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Main content
Current time:0:00Total duration:4:21
AP Stats: DAT‑2 (EU), DAT‑2.E (LO), DAT‑2.E.1 (EK), DAT‑2.E.3 (EK), DAT‑2.E.4 (EK), DAT‑2.E.6 (EK), VAR‑1 (EU), VAR‑1.E (LO), VAR‑1.E.1 (EK)

Video transcript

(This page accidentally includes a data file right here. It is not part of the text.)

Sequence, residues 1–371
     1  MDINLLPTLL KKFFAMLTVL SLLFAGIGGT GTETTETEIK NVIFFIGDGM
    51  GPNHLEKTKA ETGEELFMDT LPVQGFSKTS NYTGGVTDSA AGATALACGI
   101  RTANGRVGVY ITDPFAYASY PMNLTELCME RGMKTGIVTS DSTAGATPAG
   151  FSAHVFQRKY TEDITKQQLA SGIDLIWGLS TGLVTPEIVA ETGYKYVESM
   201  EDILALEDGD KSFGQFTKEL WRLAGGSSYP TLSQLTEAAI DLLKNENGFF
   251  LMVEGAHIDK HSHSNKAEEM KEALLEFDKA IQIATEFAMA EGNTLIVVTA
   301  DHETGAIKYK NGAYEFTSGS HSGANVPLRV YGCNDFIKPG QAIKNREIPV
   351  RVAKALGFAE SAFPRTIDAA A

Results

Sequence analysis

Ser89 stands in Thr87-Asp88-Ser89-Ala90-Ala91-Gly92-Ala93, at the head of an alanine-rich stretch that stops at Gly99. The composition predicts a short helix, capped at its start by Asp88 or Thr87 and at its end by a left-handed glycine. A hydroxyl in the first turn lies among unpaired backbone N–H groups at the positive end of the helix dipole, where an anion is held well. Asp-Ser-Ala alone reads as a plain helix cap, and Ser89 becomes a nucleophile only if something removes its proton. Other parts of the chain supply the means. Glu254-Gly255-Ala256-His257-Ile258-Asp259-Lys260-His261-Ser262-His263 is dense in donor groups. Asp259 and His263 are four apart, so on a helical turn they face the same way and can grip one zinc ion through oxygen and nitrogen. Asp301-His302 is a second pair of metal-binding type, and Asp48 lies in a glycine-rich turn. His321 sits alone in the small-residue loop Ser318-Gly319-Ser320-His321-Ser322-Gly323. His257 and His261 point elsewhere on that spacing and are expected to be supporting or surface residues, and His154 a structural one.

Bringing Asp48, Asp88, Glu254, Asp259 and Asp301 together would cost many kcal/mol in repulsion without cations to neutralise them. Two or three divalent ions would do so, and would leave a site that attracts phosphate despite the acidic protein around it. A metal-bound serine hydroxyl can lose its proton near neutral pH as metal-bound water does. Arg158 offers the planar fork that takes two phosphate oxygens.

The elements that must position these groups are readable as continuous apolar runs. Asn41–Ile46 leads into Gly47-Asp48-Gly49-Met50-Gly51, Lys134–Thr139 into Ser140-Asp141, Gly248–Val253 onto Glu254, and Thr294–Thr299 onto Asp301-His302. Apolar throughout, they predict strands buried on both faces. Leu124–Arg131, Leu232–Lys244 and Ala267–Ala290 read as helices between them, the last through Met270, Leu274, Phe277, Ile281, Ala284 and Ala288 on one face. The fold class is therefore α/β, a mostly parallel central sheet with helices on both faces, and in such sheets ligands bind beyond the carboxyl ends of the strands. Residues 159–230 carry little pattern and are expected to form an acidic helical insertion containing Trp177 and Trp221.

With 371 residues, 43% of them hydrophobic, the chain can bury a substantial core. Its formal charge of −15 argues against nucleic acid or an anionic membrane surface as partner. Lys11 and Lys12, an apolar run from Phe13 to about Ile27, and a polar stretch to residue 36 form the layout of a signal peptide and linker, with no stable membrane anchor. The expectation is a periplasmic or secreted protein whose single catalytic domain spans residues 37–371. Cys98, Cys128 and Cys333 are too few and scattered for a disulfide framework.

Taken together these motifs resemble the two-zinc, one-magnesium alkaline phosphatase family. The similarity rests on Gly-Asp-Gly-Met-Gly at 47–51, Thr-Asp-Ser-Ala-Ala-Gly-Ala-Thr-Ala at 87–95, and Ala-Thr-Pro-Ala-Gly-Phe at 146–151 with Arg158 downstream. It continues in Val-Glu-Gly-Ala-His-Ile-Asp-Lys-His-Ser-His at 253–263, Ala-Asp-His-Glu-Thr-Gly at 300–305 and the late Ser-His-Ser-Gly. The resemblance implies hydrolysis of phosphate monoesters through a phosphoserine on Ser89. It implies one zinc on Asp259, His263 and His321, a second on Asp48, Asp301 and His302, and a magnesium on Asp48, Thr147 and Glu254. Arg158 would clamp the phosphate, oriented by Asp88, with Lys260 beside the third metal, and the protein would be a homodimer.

- [Instructor] A senator wanted to know about how people in her state felt about internet privacy issues. She conducted a poll by calling 100 people whose names were randomly sampled from the phone book. Note that mobile phones and unlisted numbers are not in phone books. The senator's office called those numbers until they got a response from all 100 people chosen. The poll showed that 42% of respondents were very concerned about internet privacy. What is the most concerning source of bias in this scenario? And we should also think about, well what kind of bias does that likely introduce? Is this likely to be an overestimate or an underestimate of the number of respondents? And maybe there's no bias here. But our choices, and no bias is not one of the choices you can imagine, it's gonna be one of these three. So, I encourage you to pause this video and think about what we just said. Where we're a senator, we're trying to figure out what percentage of our response, of our constituents, are very concerned about internet privacy. And we go to the phone book, we sample 100 people. We keep calling them until they answer, and we get that 42% are very concerned. So what's the source of bias? Alright, now let's work through this together. So nonresponse is, would've been the case, if we selected these 100 people, and let's say only 50 people answered the phone and we didn't keep calling them. Then we'd say, well 50 of the people who we sampled to answer our survey didn't even respond. There was a nonresponse there, what was there about those 50 people? Maybe there was something that would've skewed the survey or actually if we, had we gotten them, it would've gotten maybe get better data. But in this case, they tell us, the senator's office called those numbers until they got a response from all 100 people chosen. So the 100 people that they chose, they made sure they got a response. So nonresponse is not going to be an issue here. Alright, next choice, undercoverage. Well undercoverage is where you're not able to sample from part of the population. And a part of the population that actually might, because you didn't sample it, it might introduce bias. Now let's think about what happened in this situation. We are a senator. We want to sample all of our constituents, but we choose, we instead we sample from the constituents who happen to be listed in the phone book. So these are the people who happen to be listed in the phone book. And so we're not sampling from people who are not in the phone book, who maybe have landlines and they're unlisted. And we're not sampling from people who don't have landlines, who only have mobile phones. And you might say, well why is that important? Well think about it, people who decide not to list in the phone book or people who don't even have a landline, some of those people might be a little bit more concerned about privacy than everyone else. They explicitly chose not to be listed. So undercoverage is definitely a very concerning source of bias over here. We are sampling from only a subset of our entire population we care about. In particular, we're missing out on people who might care about privacy. And so I would say because of undercoverage, 42% is likely to be an underestimate of the people concerned about internet privacy. Probably a higher proportion of the people out here care about privacy, because they're unlisted or they don't even have a landline. So, undercoverage, it probably introduced bias, and it implies that 42% is an underestimate of the percentage of the senator's constituents who care about internet privacy. Now the last question, volunteer response sampling. Well this would be the case where you, you know the senator, I don't know, put a billboard out or just told someone, told a bunch of people, maybe on her website, hey vote for this or give us your information on how much you care about internet privacy. And that would've been, the source of bias there, is well who shows up on that website? Once again, if you did, hey come to my website and fill it out, you're only getting information from a subset of your population who are choosing, who are volunteering. That is not the situation that she did over here. She didn't ask 100 people to volunteer. Her team went out and got them from the phone book. So this was definitely a case of undercoverage.